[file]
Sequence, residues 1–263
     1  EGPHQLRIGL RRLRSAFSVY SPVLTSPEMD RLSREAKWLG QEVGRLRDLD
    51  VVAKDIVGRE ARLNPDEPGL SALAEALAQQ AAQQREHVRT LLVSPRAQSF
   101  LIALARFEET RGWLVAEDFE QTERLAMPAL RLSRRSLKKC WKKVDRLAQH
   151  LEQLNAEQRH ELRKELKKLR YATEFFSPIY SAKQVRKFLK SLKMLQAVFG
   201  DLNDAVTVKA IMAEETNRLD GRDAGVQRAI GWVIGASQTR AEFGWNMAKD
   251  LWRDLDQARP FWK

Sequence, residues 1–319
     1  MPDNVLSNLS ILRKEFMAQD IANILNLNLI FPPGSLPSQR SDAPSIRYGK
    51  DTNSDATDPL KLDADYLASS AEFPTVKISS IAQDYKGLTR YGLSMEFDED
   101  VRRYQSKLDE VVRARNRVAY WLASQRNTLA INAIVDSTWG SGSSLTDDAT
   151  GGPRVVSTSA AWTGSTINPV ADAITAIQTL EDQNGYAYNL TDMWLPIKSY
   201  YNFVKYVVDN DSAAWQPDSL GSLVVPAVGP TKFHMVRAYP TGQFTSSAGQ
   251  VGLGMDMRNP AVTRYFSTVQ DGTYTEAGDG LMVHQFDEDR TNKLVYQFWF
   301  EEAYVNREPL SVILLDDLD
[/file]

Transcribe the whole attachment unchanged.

Sequence, residues 1–263
     1  EGPHQLRIGL RRLRSAFSVY SPVLTSPEMD RLSREAKWLG QEVGRLRDLD
    51  VVAKDIVGRE ARLNPDEPGL SALAEALAQQ AAQQREHVRT LLVSPRAQSF
   101  LIALARFEET RGWLVAEDFE QTERLAMPAL RLSRRSLKKC WKKVDRLAQH
   151  LEQLNAEQRH ELRKELKKLR YATEFFSPIY SAKQVRKFLK SLKMLQAVFG
   201  DLNDAVTVKA IMAEETNRLD GRDAGVQRAI GWVIGASQTR AEFGWNMAKD
   251  LWRDLDQARP FWK

Sequence, residues 1–319
     1  MPDNVLSNLS ILRKEFMAQD IANILNLNLI FPPGSLPSQR SDAPSIRYGK
    51  DTNSDATDPL KLDADYLASS AEFPTVKISS IAQDYKGLTR YGLSMEFDED
   101  VRRYQSKLDE VVRARNRVAY WLASQRNTLA INAIVDSTWG SGSSLTDDAT
   151  GGPRVVSTSA AWTGSTINPV ADAITAIQTL EDQNGYAYNL TDMWLPIKSY
   201  YNFVKYVVDN DSAAWQPDSL GSLVVPAVGP TKFHMVRAYP TGQFTSSAGQ
   251  VGLGMDMRNP AVTRYFSTVQ DGTYTEAGDG LMVHQFDEDR TNKLVYQFWF
   301  EEAYVNREPL SVILLDDLD